Christopher Hitchens, who died at the age of 62 last week, impacted many people with his provocative prose and sharp wit. But as a long-time resident of the Washington, D.C., area, and frequent contributor to The Washington Post, Hitchens left a particularly deep impact on many Post writers, who at times praised his brazen and straight-forward style, and at other times, sparred with him on his cemented beliefs.
Even while delivering a bit of criticism, Hitchens had an impressive command of the English language and literature, noted Anne Applebaum of PostPartisan:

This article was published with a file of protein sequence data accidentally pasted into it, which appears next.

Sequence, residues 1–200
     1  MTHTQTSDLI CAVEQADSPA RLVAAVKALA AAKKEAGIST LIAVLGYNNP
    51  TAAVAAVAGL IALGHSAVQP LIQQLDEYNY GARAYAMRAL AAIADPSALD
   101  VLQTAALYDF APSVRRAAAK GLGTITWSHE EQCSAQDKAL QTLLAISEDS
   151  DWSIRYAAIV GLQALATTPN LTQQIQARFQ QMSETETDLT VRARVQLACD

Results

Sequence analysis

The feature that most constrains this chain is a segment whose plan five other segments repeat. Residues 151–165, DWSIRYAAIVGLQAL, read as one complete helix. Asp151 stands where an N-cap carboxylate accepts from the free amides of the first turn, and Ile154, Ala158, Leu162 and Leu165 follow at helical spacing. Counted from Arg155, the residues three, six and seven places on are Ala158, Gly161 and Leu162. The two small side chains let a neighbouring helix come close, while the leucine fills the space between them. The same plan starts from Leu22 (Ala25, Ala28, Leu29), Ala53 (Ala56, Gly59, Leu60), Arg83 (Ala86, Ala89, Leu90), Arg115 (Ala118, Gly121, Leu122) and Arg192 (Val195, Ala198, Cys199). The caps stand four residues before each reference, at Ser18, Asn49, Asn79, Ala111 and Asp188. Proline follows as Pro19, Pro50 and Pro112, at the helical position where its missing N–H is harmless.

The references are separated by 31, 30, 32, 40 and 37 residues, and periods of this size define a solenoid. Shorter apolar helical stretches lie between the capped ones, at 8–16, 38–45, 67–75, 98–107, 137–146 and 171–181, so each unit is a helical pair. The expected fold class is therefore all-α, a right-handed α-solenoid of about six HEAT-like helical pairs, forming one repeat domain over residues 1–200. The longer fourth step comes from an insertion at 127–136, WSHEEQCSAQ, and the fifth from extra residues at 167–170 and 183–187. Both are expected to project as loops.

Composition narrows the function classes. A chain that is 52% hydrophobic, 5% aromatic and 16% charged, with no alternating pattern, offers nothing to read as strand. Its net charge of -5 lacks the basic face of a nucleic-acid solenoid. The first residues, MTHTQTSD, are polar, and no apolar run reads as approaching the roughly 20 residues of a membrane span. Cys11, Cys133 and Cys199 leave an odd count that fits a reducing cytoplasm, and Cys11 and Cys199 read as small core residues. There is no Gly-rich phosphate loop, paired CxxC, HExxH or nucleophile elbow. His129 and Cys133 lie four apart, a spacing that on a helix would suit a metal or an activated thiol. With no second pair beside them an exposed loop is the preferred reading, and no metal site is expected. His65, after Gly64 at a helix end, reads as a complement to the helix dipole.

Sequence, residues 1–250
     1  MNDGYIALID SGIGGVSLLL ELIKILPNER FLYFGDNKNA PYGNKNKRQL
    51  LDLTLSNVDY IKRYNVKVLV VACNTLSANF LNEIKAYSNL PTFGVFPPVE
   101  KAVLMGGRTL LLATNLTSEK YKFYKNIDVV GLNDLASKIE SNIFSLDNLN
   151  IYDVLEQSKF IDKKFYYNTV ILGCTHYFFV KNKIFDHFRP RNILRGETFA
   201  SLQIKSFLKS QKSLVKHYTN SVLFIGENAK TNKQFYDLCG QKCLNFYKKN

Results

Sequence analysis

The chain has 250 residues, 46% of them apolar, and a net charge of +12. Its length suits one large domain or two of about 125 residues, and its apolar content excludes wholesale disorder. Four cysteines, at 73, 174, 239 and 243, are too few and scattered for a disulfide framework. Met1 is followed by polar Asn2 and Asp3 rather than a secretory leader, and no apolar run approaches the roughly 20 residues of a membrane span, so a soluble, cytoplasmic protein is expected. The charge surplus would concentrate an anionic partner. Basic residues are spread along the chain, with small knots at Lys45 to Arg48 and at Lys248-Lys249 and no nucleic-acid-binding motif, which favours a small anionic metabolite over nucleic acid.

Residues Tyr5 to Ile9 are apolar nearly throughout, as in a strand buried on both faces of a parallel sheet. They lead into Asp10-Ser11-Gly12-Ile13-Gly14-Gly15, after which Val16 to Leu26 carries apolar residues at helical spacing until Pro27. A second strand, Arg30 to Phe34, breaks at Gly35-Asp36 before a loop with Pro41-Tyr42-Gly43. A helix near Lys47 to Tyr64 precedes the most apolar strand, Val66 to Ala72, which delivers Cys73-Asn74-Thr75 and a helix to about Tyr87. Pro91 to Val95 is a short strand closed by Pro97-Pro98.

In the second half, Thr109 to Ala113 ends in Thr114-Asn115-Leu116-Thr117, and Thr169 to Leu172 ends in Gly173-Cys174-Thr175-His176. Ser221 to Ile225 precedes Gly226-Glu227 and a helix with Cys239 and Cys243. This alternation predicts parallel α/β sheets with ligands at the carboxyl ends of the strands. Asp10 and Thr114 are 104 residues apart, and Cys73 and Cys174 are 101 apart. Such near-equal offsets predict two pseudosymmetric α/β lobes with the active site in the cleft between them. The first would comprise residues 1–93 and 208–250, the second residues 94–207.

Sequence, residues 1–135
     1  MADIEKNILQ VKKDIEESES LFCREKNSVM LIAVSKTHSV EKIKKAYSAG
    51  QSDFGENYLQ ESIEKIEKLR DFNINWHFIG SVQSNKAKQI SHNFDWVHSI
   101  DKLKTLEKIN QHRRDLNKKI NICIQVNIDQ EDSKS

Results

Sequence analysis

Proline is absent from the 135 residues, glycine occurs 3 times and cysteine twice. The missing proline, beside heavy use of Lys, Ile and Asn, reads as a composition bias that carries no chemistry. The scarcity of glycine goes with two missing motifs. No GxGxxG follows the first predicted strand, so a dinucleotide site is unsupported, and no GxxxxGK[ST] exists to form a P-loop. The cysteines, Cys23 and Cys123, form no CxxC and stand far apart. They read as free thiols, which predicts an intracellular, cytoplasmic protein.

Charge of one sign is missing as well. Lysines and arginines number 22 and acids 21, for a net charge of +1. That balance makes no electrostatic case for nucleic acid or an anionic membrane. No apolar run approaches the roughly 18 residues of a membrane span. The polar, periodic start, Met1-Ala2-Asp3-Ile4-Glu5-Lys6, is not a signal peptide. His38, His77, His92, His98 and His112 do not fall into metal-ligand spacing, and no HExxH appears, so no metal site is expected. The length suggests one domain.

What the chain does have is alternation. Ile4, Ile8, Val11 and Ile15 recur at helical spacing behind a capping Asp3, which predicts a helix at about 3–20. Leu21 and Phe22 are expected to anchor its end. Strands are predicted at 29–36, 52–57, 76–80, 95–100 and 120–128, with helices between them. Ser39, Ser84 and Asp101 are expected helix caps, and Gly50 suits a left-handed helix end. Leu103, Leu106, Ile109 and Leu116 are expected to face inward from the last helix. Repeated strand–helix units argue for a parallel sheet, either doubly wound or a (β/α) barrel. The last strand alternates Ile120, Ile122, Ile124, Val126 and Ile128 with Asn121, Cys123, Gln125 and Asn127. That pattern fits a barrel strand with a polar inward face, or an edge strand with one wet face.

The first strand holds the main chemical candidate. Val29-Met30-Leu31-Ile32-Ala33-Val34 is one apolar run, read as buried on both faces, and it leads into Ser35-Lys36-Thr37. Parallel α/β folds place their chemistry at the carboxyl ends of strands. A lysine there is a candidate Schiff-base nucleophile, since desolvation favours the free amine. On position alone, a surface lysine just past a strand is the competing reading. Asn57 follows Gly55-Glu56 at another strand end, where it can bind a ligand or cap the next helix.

“I see you were feeling eeyorish about Macedonia last week.” As far as I recall, those were the first words Christopher Hitchens ever said to me. They threw me completely. What was this new adjective, “eeyorish”? From which language did it derive?
Then the penny dropped. Of course: The word “Eeyorish” comes from “Eeyore,” the eternally pessimistic donkey in Winnie the Pooh. Only Hitchens would have used this neologism in casual conversation, and only Hitchens would have put it in the context of Balkan conflict. And that was his genius. He had a profound knowledge of English literature, from A.A.Milne to Virginia Woolf. At the same time he had a profound experience of the world — he had been to Macedonia himself, several times — as well as a sense of humor so dry you could hear it crack.